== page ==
From a visual standpoint, Reckoning is artisitically rich and graphically solid. Todd McFarlane (him of Spawn fame) has excelled himself here, creating a vibrant and colourful world that's a delight to behold. Lush environments and nifty features like magical foliage that unfolds in your presence go a long way towards fleshing out the varied lands of Amalur. In contrast, however, the caricatured and cartoony character design forces us to suspend disbelief far more often than necessary in the game's darker moments - and is jarringly reminiscent of World Of Warcraft.
I wish that I could finish the review here. I really do. But Reckoning has an Achilles Heel a mile wide, and I'm duty-bound to target it with the full force of my critical powers.
Creating a brand new IP lets developers design a universe from scratch. Big Huge Games and veteran writer R.A. Salvatore had the opportunity to create something new and exciting, to stamp their own authority on the tired old fantasy setting. But they bottled it. Amalur is the same rehashed Tolkien-inspired clone we've explored countless times over the last twenty years, functionally identical to everything that's come before save that the elves now have silly names. It's Albion, Abeir-Toril, Azeroth and Middle Earth in all but name; pretty but so derivative that each and every enemy, locale or character might as well have a label proudly displaying which franchise they've been lifted from. The contrived setting hangs like a millstone around the sweet combat and masterful exploration, failing to provide the excitement and compulsive drive we've come to expect from RPGs since the Infinity Engine days. For every great idea like the play-acting House Of Ballads faction, there's a troupe of giant spiders, a pack of wolves, Kobolds or player character amnesia waiting to mire us in what came before.
Competent and varied voice talent abounds, but no-one has anything interesting to say. NPCs dole out dull globs of cliched exposition when quizzed; and telling players that they're inhabiting an exciting and dynamic world is very different from actually immersing us in one. Limp scripting and insipid dialogue stops any of the supporting characters from threatening to become even slightly memorable, to the extent where I'm hard-pressed to remember any of their names despite putting down the controller less than an hour ago. There's an ornery old solder and a sexy scantily-clad rogue, but these tropes stopped being interesting when the Dreamcast was the latest gaming innovation.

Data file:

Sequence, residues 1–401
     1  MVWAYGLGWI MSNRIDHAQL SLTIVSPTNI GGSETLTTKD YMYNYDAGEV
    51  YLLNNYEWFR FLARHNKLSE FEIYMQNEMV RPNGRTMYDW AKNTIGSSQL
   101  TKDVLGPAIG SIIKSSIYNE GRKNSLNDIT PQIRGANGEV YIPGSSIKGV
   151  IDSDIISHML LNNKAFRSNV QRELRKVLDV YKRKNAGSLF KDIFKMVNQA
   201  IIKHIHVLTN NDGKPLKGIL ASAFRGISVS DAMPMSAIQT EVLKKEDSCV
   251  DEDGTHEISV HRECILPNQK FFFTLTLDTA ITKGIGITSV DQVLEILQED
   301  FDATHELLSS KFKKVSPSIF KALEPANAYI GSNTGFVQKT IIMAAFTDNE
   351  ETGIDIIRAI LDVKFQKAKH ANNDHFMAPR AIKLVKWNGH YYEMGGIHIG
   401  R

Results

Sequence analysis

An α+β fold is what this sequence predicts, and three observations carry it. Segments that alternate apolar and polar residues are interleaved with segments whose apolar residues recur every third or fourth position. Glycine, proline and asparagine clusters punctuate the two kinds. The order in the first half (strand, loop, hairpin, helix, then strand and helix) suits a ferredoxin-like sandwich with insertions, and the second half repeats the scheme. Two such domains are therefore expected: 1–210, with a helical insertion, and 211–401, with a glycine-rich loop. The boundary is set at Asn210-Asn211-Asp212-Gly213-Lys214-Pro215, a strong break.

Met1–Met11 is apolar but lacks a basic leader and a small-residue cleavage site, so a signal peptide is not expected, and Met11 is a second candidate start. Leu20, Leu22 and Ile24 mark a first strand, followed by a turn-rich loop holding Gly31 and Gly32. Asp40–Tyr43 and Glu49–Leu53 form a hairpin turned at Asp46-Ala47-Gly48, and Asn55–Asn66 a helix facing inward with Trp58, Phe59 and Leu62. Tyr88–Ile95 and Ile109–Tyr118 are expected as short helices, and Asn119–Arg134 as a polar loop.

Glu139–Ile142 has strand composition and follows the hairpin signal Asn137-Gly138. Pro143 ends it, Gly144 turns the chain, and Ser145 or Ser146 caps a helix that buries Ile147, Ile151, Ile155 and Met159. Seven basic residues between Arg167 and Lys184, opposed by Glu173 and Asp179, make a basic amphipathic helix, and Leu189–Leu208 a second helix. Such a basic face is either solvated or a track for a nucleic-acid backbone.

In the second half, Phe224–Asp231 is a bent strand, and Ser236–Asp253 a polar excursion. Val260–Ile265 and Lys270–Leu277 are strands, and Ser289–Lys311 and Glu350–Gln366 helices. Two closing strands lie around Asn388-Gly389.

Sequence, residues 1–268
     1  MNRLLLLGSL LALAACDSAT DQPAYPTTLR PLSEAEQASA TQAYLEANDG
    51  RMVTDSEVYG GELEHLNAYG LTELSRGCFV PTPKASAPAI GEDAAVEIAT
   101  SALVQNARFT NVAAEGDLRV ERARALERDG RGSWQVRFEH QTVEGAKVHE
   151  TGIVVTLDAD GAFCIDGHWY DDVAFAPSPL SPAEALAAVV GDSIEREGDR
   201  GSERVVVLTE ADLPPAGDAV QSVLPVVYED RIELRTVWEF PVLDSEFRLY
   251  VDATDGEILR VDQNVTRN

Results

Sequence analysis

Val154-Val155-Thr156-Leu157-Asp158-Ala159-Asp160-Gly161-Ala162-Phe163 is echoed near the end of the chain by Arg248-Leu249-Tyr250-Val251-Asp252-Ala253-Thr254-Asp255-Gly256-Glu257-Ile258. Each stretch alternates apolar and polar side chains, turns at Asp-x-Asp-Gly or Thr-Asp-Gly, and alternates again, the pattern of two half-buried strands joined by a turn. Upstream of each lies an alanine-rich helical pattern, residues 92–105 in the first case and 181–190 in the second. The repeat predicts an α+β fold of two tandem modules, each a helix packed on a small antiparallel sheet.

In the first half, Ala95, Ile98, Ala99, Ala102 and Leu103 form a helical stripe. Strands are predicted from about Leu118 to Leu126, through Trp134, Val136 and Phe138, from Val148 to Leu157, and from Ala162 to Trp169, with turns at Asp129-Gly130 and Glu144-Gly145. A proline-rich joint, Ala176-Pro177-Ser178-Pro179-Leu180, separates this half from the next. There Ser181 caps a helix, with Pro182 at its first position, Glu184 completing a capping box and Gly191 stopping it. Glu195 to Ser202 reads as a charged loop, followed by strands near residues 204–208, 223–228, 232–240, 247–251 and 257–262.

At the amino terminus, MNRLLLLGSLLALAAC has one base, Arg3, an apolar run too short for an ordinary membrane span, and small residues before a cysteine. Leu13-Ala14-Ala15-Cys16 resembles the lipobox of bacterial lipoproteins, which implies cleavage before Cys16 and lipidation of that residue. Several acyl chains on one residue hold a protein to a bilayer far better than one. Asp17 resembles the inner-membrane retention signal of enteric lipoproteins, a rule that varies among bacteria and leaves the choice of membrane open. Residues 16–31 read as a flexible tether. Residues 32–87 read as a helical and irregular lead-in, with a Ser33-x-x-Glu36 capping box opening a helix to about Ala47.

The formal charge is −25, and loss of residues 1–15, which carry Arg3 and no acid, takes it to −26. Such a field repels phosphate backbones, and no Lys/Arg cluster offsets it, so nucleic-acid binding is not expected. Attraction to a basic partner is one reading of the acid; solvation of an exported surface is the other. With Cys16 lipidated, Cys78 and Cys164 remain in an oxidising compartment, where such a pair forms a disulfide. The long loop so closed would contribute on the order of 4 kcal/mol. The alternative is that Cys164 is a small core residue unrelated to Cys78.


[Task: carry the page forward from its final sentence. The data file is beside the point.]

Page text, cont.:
Bethesda stamped their authority on fantasy RPGs with Tamriel: a land of unpredictable wonder and infinite potential. BioWare birthed the Mass Effect universe and populated it with original races and unforgettable characters. None of that conviction or creative courage is on show here. In striving to create the biggest and hugest game possible, Big Huge Games lost sight of the fact that they also have the duty to build an exciting world first and foremost.
It's a bitter shame, because these flaws are so sharply defined by the rest of the game being so effortlessly excellent.
- Compelling and versatile character creation
- Phenomenal combat
- Big. Huge. Game!
- Gutless, insipid fantasy setting, weak scripting, forgettable support characters
- Useless stealth mechanics
- Awkward menus/GUI
The Short Version: Big Huge Games have made a big huge game, and one that's good for hundreds of hours of addictive questing. The brilliant combat and compelling skill system absolutely deserved stronger characters and a more imaginative, less insipid setting, but Kingdoms Of Amalur: Reckoning absolutely nails the 'Playing Game' aspect of RPGs. With gameplay this good, we're willing to forgive the compromise in the 'Role' department.